The Unsung CFS Heroes and Heroines (part one)
Research Study Participants
By John Herd
September 12, 2010
Throughout the history of CFS there have been many CFS patients who participated in research studies and off-label clinical trials. They are unsung heroes and heroines who have contributed significantly to the legacy of what we know about the illness today. The scientific progress has moved forward in part upon their backs.
It is fair to say that desperation to get better, even partially better, has driven some people to take part in research and clinical trials. But so too have many of them wanted to contribute to moving the science of understanding and treating CFS ahead.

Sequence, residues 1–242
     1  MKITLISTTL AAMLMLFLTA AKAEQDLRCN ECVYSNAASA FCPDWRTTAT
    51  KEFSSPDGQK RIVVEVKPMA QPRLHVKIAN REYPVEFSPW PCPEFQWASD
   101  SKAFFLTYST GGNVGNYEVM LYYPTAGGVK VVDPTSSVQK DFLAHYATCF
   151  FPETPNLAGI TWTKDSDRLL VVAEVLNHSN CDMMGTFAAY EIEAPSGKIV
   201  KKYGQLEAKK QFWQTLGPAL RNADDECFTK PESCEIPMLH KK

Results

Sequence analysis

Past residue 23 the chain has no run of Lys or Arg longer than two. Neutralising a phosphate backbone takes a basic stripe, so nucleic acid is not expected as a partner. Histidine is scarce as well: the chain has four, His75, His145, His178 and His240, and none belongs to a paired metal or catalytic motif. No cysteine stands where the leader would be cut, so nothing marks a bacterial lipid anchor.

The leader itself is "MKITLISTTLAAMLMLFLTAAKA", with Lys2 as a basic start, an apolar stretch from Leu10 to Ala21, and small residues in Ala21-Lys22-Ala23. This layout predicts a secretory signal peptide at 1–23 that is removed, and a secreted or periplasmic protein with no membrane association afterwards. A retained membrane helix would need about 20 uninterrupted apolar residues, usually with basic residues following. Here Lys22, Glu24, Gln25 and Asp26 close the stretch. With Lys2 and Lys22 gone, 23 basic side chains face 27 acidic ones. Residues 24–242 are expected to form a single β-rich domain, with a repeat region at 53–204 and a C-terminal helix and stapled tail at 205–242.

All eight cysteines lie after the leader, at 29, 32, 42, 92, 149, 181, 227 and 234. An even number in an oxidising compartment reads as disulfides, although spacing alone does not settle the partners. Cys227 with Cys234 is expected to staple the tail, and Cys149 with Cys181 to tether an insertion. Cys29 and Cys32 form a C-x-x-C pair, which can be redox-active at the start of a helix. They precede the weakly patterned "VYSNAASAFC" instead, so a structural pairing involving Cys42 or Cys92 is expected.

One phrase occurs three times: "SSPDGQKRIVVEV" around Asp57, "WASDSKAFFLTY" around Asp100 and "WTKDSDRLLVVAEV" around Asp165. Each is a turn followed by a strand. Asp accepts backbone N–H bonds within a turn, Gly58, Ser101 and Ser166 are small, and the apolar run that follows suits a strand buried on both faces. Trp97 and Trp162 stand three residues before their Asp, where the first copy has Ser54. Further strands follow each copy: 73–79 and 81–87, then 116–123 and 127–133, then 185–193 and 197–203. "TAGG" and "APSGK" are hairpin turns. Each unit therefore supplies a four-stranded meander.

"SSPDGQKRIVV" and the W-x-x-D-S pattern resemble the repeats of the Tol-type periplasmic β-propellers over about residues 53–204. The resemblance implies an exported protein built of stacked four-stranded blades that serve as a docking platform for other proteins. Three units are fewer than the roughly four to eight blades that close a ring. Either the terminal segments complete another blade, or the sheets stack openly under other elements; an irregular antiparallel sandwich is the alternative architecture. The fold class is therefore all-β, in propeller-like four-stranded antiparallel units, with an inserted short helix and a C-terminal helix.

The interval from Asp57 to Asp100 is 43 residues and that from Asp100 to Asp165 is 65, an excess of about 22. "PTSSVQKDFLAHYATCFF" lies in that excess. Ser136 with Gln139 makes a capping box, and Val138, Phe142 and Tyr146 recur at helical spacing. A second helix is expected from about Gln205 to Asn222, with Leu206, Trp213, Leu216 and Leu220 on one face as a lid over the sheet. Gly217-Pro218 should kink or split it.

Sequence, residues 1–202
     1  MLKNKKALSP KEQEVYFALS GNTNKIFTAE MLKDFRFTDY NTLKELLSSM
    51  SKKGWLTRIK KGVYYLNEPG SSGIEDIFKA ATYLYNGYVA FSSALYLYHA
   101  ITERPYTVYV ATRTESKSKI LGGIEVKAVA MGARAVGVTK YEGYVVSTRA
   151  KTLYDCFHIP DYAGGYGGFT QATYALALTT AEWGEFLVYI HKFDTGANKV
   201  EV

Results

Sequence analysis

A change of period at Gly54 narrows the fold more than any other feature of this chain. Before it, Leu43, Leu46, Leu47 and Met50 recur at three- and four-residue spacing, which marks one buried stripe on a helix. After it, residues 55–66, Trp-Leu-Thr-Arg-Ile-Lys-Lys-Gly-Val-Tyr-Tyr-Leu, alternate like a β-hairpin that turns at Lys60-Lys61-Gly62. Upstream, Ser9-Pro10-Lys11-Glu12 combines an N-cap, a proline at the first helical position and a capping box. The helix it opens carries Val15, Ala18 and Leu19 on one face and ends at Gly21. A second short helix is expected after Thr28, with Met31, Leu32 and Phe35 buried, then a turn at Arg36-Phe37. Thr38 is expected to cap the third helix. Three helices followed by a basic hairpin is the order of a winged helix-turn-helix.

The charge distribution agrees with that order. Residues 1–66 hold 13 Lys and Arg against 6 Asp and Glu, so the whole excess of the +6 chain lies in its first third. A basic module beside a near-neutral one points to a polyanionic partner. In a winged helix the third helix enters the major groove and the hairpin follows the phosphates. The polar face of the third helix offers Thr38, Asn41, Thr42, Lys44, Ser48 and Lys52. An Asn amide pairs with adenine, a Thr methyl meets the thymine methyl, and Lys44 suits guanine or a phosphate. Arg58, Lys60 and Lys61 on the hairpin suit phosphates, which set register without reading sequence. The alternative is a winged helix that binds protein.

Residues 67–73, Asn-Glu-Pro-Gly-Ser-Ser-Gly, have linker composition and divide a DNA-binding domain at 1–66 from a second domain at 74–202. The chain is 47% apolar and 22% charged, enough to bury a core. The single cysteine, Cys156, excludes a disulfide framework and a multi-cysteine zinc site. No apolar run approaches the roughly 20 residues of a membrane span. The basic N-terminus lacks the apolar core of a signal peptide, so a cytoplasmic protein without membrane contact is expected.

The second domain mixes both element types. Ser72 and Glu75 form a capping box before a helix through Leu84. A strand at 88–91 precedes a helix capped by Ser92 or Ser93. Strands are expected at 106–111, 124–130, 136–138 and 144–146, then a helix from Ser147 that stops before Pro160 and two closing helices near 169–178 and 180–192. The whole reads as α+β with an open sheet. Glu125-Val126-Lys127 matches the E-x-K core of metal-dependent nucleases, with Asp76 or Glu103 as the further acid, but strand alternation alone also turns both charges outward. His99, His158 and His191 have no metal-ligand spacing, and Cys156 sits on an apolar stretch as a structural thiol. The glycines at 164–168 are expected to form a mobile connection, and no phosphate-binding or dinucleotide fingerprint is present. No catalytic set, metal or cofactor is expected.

Participating in medical research studies often comes at a cost on many levels. Sometimes it is relatively negligible, a mere needle stick to contribute blood. Other times it involves consuming significant amounts of one’s very finite physical energy and economic resources to participate. Some studies have risked causing patients’ health to decline temporarily or even for relatively longer periods of time. In the case of blinded studies, patients have participated knowing that if they receive a placebo there would be no health benefit at all. Participating is medical studies has quite literally in some cases turned some patients’ lives upside down because it has required them to move to where the studies have taken place.
In all cases patient participation has contributed to moving the science ahead, helped reveal where the science needs to head, and in other cases where it should not go.
There will be many more such patient heroes and heroines in the months and years to come. I applaud them and those whom have come before.
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